Figure 3.

Phylogenetic tree of syncytin-1 like sequences. All sequences over 400 amino acids were extracted from BLASTP hits with e-values <e-40, and the tree was built with RAxML ( 31 ) with substitution model (JTT + G + I) determined by ProtTest3 ( 32 ). Bootstrap values are shown on the node (1,000 replicates). Known syncytin-1 and -2 genes in primates are indicated by the bar on the right. External nodes show EVE IDs (see Table 2 as well).

The most powerful application of gEVE database is in NGS analyses. We also provide a General Transfer Format (GTF) file for EVE gene loci of each genome stored in the gEVE database (see ‘Download’ page). Using these GTF files with NGS data, dynamic expression profiles of EVE genes can be examined. For example, the RNA-seq data of human placenta expression (ID: ERR315374) stored in the sequence read archive (SRA, http://www.ncbi.nlm.nih.gov/sra/ ) were examined. The FASTQ sequences were obtained and mapped onto the human genome (GRCh38) using TopHat2 ( 33 ). The expression levels of EVE sequences were computed using Cufflinks ( 34 ) with the GTF file of gEVE Hsap38. The top 10 EVE sequences showing biggest FPKM values (i.e. highly expressed EVE sequences) are summarized in Table 3 . We successfully identified known EVEs expressed in human placenta—PEG10 ( 35 ), suppressyn ( 10 ), syncytin-1 ( 5 ) and syncytin-2 ( 6 )—as well as novel EVE sequences. This result shows that NGS data analyses combined with our annotation data enable us to discover hidden functional EVE sequences in genomes.

Table 3.

Top 10 highly expressed gEVE sequences in the RNA-seq data of ERR315374

gEVE ID HMM profile  Known EVE a FPKM 
Hsap38.chr7.94664474.94665679.+ pro PEG10 481.4 
Hsap38.chr7.94663299.94664531.+ gag PEG10 392.9 
Hsap38.chr3.129171078.129171320.- gag – 210.5 
Hsap38.chr21.42917294.42917818.- env (suppressyn) 158.5 
Hsap38.chr21.42918527.42919045.- env suppressyn 131.1 
Hsap38.chr7.92468768.92470387.- env syncytin-1 44.5 
Hsap38.chr21.42919026.42919586.- pol (suppressyn) 30.7 
Hsap38.chr6.11103697.11105316.- env syncytin-2 24.6 
Hsap38.chr21.42921853.42922110.- env (suppressyn) 24.2 
Hsap38.chr16.20680984.20681253.+ pol – 20.7 
gEVE ID HMM profile  Known EVE a FPKM 
Hsap38.chr7.94664474.94665679.+ pro PEG10 481.4 
Hsap38.chr7.94663299.94664531.+ gag PEG10 392.9 
Hsap38.chr3.129171078.129171320.- gag – 210.5 
Hsap38.chr21.42917294.42917818.- env (suppressyn) 158.5 
Hsap38.chr21.42918527.42919045.- env suppressyn 131.1 
Hsap38.chr7.92468768.92470387.- env syncytin-1 44.5 
Hsap38.chr21.42919026.42919586.- pol (suppressyn) 30.7 
Hsap38.chr6.11103697.11105316.- env syncytin-2 24.6 
Hsap38.chr21.42921853.42922110.- env (suppressyn) 24.2 
Hsap38.chr16.20680984.20681253.+ pol – 20.7 
a

A gene name in parentheses for a gEVE ID represents that the EVE sequence is located close to the known functional EVE sequence. A character, ‘–’, indicates the corresponding sequence is not reported to our knowledge.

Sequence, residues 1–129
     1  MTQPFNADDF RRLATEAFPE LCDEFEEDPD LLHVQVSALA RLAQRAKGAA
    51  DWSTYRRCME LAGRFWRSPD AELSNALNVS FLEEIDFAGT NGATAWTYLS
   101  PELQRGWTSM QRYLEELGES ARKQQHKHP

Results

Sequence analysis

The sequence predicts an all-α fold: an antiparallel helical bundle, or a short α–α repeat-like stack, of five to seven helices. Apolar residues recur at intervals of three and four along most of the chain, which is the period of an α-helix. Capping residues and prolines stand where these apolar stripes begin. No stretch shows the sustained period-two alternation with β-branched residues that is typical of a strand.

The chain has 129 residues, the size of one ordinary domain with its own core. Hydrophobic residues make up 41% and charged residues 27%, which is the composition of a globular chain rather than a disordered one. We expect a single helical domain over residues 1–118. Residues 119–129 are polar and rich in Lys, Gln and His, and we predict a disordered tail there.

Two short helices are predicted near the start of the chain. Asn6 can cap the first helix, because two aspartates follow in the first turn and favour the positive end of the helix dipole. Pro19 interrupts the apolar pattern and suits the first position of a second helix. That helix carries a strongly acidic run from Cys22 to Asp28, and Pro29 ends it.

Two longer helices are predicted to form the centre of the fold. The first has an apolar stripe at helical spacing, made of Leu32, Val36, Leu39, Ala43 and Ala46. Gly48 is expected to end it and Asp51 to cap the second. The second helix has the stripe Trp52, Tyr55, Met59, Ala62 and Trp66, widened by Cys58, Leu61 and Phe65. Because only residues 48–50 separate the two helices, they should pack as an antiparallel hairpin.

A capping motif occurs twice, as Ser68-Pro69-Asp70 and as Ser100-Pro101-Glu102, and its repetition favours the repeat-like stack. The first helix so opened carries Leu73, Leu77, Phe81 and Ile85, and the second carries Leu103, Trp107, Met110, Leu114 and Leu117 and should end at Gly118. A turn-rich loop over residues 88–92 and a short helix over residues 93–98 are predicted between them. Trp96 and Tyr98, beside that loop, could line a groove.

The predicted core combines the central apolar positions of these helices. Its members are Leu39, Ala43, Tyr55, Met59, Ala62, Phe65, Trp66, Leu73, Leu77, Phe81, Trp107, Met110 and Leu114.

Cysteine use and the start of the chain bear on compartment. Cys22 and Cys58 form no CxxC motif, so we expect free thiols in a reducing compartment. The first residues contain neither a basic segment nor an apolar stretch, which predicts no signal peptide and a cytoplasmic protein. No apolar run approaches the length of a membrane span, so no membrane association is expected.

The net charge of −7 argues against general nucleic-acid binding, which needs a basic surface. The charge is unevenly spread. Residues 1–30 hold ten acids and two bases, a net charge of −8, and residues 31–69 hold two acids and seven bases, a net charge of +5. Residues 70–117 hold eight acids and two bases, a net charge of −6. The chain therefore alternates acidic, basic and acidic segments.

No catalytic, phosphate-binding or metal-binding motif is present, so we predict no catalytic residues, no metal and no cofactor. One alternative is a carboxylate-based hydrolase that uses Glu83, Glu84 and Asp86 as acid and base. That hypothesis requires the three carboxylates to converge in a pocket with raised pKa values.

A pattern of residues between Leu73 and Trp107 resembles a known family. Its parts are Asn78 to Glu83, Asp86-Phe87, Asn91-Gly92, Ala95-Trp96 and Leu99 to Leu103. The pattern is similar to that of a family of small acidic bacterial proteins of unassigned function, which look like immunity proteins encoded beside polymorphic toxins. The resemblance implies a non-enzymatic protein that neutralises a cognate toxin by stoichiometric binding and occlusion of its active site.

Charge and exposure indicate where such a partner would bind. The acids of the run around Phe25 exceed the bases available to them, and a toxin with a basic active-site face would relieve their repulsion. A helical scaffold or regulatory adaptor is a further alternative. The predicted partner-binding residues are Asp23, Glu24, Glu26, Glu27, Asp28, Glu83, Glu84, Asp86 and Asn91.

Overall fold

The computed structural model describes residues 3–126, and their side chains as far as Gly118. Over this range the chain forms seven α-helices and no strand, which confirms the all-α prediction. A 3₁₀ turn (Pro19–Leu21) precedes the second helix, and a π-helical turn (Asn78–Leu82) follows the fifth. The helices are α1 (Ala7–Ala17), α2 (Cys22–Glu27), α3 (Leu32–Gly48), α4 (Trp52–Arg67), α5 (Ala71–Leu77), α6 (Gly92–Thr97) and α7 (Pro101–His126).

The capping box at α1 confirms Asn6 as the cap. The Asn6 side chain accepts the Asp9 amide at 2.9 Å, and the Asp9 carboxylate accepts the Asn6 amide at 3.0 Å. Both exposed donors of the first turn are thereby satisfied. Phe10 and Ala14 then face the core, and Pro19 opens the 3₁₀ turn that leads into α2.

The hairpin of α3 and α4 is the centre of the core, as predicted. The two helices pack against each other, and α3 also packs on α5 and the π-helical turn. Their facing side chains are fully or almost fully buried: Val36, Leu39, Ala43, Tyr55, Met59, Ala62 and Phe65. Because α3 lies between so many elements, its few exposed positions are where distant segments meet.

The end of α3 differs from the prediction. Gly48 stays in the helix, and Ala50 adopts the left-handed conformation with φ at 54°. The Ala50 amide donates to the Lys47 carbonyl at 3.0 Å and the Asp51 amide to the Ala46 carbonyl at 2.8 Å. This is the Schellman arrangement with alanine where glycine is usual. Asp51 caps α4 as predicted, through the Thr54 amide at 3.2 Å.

Future perspectives

We developed the gEVE database to provide EVE sequences coding >80 aa in the 20 mammalian genomes. In other words, our current database does not yet support non-coding sequences derived from EVEs. Accumulating reports indicate the functional importance of non-coding EVE sequences in host species, such as long terminal repeats (LTRs). Some LTRs in humans (such as LTR7) retain functional promoter–enhancer activity and control stem cell potency of embryonic stem (ES) and induced pluripotent stem (iPS) cells ( 36 ). Furthermore, various long non-coding (lnc) RNAs are expected to be derived from non-coding EVE sequences, which are also functional in host species ( 37 ). Thus, another task of gEVE database is to add more detailed annotation for EVE sequences. For example, evolutionary relationship among EVE sequences in the gEVE database has not been examined yet, although annotation of BLASTP best hits in the database would be partially useful. By addressing these points, the gEVE database will be continuously improved and expanded to contribute the further understanding of EVE sequences in the host genomes.

Supplementary Data

Supplementary data are available at Database Online.

Acknowledgements

We are grateful to Akira Hashimoto (Kyoto University, Kyoto, Japan) for helpful comments on this manuscript. Computations were performed partially on the NIG supercomputer at the ROIS National Institute of Genetics.

Funding

This work was financially supported by the Japan Society for the Promotion of Science KAKENHI [grant numbers and 16K21386 to S.N.].

Conflict of interest . None declared.

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Author notes

Citation details: Nakagawa,S. and Ueda Takahashi,M. gEVE: a genome-based endogenous viral element database provides comprehensive viral protein-coding sequences in mammalian genomes. Database (2016) Vol. 2016: article ID baw087; doi:10.1093/database/baw087
This is an Open Access article distributed under the terms of the Creative Commons Attribution License ( http://creativecommons.org/licenses/by/4.0/ ), which permits unrestricted reuse, distribution, and reproduction in any medium, provided the original work is properly cited.